Their, our, role in the Church and in the world has been a central issue since Vatican II and this article from the National Catholic Register examines it.
“This October, the Church will mark the 50th anniversary of the opening of the Second Vatican Council. In that three-year period from 1962 to 1965, the bishops and their collaborators strove to bring the Church into the modern world so that the message of Christ could be heard more clearly and spread more effectively.
“A better understanding of the role of the laity was high on the agenda. “The laity, by their very vocation, seek the Kingdom of God by engaging in temporal affairs and by ordering them according to the plan of God,” declared Lumen Gentium (Light of the Nations), Vatican II’s dogmatic constitution on the Church.
“They live in the ordinary circumstances of family and social life, from which the very web of their existence is woven. They are called there by God, that by exercising their proper function and led by the spirit of the Gospel, they may work for the sanctification of the world from within as a leaven. … Since they are tightly bound up in all types of temporal affairs, it is their special task to order and to throw light upon these affairs, in such a way that they may come into being and then continually increase, according to Christ, to the praise of the Creator and the Redeemer.”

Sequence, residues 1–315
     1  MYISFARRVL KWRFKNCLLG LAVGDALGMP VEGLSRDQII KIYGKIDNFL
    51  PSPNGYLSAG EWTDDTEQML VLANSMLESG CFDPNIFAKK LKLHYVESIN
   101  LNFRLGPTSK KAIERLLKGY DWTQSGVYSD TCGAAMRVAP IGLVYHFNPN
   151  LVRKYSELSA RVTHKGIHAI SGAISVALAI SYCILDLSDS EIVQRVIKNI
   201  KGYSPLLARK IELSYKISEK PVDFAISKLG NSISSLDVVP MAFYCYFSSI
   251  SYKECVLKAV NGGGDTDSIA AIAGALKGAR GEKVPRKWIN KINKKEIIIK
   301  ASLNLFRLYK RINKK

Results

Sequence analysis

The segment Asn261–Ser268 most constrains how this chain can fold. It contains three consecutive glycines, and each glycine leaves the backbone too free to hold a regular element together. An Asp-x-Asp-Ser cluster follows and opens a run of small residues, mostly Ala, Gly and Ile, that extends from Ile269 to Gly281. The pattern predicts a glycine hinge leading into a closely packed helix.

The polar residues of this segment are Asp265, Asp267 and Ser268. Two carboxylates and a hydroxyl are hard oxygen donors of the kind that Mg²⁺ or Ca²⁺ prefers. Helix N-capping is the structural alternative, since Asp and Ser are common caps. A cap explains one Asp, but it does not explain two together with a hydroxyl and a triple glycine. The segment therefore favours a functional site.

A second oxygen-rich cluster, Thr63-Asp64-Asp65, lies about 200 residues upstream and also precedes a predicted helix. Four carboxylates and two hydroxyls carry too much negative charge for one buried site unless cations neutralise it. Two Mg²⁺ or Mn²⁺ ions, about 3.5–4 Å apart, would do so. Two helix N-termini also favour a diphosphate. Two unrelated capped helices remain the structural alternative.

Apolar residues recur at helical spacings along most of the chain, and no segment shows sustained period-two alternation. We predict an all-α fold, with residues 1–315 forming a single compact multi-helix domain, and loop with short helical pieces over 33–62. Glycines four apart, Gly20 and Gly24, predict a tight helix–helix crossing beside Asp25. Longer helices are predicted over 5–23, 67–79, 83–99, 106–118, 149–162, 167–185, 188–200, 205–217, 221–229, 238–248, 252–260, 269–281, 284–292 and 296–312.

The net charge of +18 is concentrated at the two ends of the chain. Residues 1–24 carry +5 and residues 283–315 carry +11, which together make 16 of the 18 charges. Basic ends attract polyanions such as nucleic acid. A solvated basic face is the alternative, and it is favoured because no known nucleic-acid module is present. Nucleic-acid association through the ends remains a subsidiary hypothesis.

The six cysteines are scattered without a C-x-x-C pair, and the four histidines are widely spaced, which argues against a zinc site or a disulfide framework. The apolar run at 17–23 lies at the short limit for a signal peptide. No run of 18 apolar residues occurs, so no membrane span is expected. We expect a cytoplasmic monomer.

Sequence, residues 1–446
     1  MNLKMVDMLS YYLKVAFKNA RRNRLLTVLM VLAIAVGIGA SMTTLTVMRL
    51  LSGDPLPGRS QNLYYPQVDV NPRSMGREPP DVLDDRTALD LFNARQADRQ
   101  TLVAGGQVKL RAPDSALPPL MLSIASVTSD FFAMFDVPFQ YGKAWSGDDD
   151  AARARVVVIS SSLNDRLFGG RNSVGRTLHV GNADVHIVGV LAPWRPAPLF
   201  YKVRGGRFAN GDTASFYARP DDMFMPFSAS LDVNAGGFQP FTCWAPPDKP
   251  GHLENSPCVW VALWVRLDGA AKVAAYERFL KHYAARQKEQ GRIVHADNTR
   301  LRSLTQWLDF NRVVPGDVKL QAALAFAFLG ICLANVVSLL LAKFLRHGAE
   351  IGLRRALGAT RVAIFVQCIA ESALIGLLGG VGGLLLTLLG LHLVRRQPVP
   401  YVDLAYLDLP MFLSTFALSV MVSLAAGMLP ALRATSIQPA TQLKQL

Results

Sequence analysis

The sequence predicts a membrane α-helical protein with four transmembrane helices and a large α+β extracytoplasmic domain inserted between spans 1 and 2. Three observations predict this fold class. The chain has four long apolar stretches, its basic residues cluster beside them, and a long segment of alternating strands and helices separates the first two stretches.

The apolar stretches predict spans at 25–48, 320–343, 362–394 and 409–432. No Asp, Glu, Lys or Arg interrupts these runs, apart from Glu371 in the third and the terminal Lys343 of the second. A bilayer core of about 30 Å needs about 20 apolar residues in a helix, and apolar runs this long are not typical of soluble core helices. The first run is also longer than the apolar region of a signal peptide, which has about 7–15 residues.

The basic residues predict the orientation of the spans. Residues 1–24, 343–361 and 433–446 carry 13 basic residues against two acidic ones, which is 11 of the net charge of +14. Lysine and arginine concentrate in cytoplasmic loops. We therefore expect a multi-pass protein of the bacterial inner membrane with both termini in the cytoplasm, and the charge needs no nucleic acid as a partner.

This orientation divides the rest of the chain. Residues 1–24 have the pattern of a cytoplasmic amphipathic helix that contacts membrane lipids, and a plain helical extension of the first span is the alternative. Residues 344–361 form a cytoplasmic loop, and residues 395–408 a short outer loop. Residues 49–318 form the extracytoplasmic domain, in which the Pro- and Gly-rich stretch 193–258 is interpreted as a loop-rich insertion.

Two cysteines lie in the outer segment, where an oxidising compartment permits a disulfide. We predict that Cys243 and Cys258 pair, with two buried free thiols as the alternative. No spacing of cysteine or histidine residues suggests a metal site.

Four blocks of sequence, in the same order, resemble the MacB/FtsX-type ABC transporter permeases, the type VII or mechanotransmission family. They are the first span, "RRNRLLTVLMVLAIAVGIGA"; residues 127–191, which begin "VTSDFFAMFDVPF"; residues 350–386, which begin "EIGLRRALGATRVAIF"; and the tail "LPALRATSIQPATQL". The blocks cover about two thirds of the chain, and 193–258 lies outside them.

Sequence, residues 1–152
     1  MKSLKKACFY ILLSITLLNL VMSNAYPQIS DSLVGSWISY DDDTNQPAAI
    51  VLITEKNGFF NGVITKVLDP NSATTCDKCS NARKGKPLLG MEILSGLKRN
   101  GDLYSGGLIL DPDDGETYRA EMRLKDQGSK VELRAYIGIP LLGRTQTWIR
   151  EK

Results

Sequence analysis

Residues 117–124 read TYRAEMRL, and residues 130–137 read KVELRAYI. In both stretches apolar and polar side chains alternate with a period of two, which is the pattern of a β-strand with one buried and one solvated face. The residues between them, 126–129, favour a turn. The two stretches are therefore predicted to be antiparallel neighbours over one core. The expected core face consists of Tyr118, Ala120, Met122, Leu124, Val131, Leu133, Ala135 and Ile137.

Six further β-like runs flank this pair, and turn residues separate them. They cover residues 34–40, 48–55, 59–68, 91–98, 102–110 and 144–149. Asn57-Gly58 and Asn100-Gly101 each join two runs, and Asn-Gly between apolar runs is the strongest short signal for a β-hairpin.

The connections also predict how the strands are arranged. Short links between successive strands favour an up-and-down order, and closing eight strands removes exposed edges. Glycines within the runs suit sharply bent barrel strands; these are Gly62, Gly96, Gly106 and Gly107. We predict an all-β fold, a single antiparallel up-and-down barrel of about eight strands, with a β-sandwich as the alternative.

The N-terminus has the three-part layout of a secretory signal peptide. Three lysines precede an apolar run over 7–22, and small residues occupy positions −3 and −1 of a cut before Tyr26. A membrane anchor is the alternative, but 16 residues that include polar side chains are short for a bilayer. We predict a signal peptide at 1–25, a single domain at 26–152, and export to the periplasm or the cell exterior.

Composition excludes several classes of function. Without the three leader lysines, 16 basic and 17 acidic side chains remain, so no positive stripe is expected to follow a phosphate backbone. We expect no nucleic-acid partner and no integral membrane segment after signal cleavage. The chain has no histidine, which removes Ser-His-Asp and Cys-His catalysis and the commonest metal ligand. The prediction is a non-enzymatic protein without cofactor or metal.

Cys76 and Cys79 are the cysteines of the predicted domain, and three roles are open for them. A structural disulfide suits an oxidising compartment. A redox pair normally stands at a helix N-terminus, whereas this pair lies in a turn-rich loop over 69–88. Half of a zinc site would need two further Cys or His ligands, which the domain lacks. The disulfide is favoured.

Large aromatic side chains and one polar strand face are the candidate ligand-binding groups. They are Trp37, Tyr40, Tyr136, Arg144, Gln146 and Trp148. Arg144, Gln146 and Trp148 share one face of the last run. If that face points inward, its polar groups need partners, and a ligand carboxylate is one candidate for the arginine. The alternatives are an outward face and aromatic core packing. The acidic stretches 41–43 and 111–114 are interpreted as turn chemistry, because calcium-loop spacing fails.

“Greater engagement in Christian discipleship for the laity does not mean being involved primarily in “church ministries” or preaching on a street corner, worthy as those activities may be. It means, in the words of the Catechism, that the laity need to discover or invent “the means for permeating social, political and economic realities with the demands of Christian doctrine and life” (899).
“So, if you are an elected representative in government, for example, you support measures that you believe will foster the common good. If you are in commerce, you embrace business practices that are fair to employees and customers and not based on greed. If you are a worker, you do your job conscientiously because you want to offer God the best work that you can do. If you are a doctor, you approach each patient as an individual human being created in the image and likeness of God, with particular needs that perhaps only you can address at that moment. If you are parents, your main concern is the Christian formation of your children.
“The Church in America now faces a challenge that demands the laity exercise their role as Vatican II saw it. What began as an apparently well-intentioned effort to serve justice by helping everyone have “affordable access to health care” (a concern of the Catholic bishops for the longest time, by the way) is turning out to be a grave encroachment on the religious liberty of millions of Americans.
“In carrying out their ordinary duties of everyday life — striving to live according to the Gospel while raising families and making a living, contributing to the common good by doing their jobs well — Christians are being asked to carry an extra burden.”